Uphill Designs Interview
Backpackers: Your company origins say that Dan made most of his gear for a thru-hike trek of the PCT. How closely do the packs you guys are making now resemble the pack he made then? Are there key differences?
Dan: The base design for the Divide Exploration Pack and Crest Daypack, especially the seam and support system, is the same as what I sewed for the 2,665 mile PCT thru-hike. Besides the ability to customize our base models, the key difference is our switch to waxed cotton canvas and weather-proofed leather. Both materials are deceptively lightweight and durable and allow us to create a beautiful product that blends in with the trail.
Backpackers: What do you have to say about other packs on the market from major companies, like Osprey, to smaller ultralight companies, like Gossamer Gear? Packs are this quintessential aspect of backpacking, and years of research have gone into numerous companies and packs. What makes yours different and/or better?
Dan: Handcrafted is such an important part of who we are. Other companies make great packs, but without the option to communicate your needs directly to the maker, how personal is your pack? By speaking directly to the end user, we avoid excessive features in our packs by delivering a product unique to you. The modern adventurer spends as much time on the urban trail as the back-country, and our packs are designed for this lifestyle.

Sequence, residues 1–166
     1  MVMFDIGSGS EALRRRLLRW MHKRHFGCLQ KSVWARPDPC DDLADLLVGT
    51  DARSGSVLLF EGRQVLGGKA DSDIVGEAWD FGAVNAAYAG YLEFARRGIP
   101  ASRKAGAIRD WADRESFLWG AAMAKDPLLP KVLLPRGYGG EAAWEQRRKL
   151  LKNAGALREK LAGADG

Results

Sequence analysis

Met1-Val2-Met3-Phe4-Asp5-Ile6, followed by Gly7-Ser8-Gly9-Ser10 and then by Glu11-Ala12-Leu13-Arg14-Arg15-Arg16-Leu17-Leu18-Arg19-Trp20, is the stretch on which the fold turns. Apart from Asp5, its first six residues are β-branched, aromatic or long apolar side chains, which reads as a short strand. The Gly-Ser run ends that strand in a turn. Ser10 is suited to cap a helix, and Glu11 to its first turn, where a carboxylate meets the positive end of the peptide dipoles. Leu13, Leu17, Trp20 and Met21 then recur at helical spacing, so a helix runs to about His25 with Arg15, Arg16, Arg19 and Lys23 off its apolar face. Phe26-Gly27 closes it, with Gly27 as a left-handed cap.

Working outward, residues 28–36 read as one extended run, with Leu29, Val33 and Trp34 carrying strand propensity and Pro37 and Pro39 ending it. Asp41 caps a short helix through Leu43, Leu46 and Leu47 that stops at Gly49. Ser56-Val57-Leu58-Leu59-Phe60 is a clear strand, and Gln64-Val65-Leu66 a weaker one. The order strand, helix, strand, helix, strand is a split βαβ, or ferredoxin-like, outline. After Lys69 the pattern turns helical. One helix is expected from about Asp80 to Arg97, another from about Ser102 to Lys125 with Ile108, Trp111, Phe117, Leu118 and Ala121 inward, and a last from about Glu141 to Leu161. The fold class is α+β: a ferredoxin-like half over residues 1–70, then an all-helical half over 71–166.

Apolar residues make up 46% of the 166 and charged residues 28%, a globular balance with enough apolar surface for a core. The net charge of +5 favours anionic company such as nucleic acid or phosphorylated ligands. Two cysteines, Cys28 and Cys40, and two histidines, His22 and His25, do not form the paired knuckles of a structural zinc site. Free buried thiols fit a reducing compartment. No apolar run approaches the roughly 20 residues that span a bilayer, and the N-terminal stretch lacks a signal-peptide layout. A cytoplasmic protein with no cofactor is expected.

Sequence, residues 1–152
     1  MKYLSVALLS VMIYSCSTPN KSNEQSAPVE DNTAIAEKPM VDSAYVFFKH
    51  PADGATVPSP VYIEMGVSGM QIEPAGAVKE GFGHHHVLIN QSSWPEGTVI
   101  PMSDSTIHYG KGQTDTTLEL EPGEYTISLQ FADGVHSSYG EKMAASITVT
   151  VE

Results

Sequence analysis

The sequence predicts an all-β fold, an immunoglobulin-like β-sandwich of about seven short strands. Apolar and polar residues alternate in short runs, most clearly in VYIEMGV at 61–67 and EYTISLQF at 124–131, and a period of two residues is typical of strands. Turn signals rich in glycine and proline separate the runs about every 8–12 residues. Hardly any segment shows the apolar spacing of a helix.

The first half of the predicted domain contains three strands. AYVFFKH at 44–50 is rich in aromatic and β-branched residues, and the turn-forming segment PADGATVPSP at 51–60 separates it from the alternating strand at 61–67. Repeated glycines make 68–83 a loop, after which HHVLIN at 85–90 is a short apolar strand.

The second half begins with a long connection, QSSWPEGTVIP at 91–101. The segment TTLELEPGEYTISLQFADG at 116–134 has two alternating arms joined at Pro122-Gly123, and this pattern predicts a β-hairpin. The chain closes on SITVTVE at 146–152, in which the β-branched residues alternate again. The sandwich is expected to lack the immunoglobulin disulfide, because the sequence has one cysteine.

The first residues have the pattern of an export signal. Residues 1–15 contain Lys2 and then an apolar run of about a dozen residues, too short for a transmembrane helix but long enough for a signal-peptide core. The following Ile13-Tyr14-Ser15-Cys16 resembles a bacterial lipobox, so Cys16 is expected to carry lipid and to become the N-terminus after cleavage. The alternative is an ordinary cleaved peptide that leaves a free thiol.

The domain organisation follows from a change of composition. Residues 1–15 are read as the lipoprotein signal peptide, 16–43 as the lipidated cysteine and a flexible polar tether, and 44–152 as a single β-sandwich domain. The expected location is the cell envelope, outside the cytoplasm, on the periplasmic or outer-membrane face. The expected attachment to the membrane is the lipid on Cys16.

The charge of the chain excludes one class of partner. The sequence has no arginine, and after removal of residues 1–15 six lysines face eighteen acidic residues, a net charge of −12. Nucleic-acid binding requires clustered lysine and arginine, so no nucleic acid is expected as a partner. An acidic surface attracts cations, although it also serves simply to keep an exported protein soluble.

Backpackers: Customization is a large part of your selling point. Can you give examples of the sorts of things that can be customized, beyond color of the pack?
Dan: We know what we love, but every adventurer is different. The range of what can be customized is really up to the imagination of our Kickstarter backers. We look at requests as an opportunity to design elegant solutions. Common requests are water bladder compatibility, yoga-mat strap system, larger or smaller pockets, and a top cinch on the roll-top sleeve. We’ve done everything from increase the size of the messenger bag for larger laptops to adding padded compartments in the day pack for photography equipment.
Backpackers: We love that your business model is funding new product ideas through Kickstarter. What will happen to these packs if the Kickstarter doesn’t come through? Will you start another one, or try to manufacturer the packs in another way?
Dan: Kickstarter is such a great way for us to connect with our most avid fans. They take a chance on us and we reward them with special prices and personal attention in their product. This is our second Kickstarter so we have faith that it is possible to reach our goal. However, if we don’t we will continue to work hard and find another avenue that will allow us to fulfill our passion and deliver our products to those who want them.
Backpackers: What other kinds of products do you see manufacturing in the future?
Dan: Being able to buy industrial sewing machines with a successful Kickstarter will give us the ability to work on several tent designs we’ve had on the table. They’ll be lightweight and will set up with our bamboo trekking poles.
If you’re interested in the packs, or want to give a truly unique gift, consider purchasing one of the Uphill Designs packs from Kickstarter. We hope it pulls through, because we really want to see those tents!
All screenshots courtesy Uphill Designs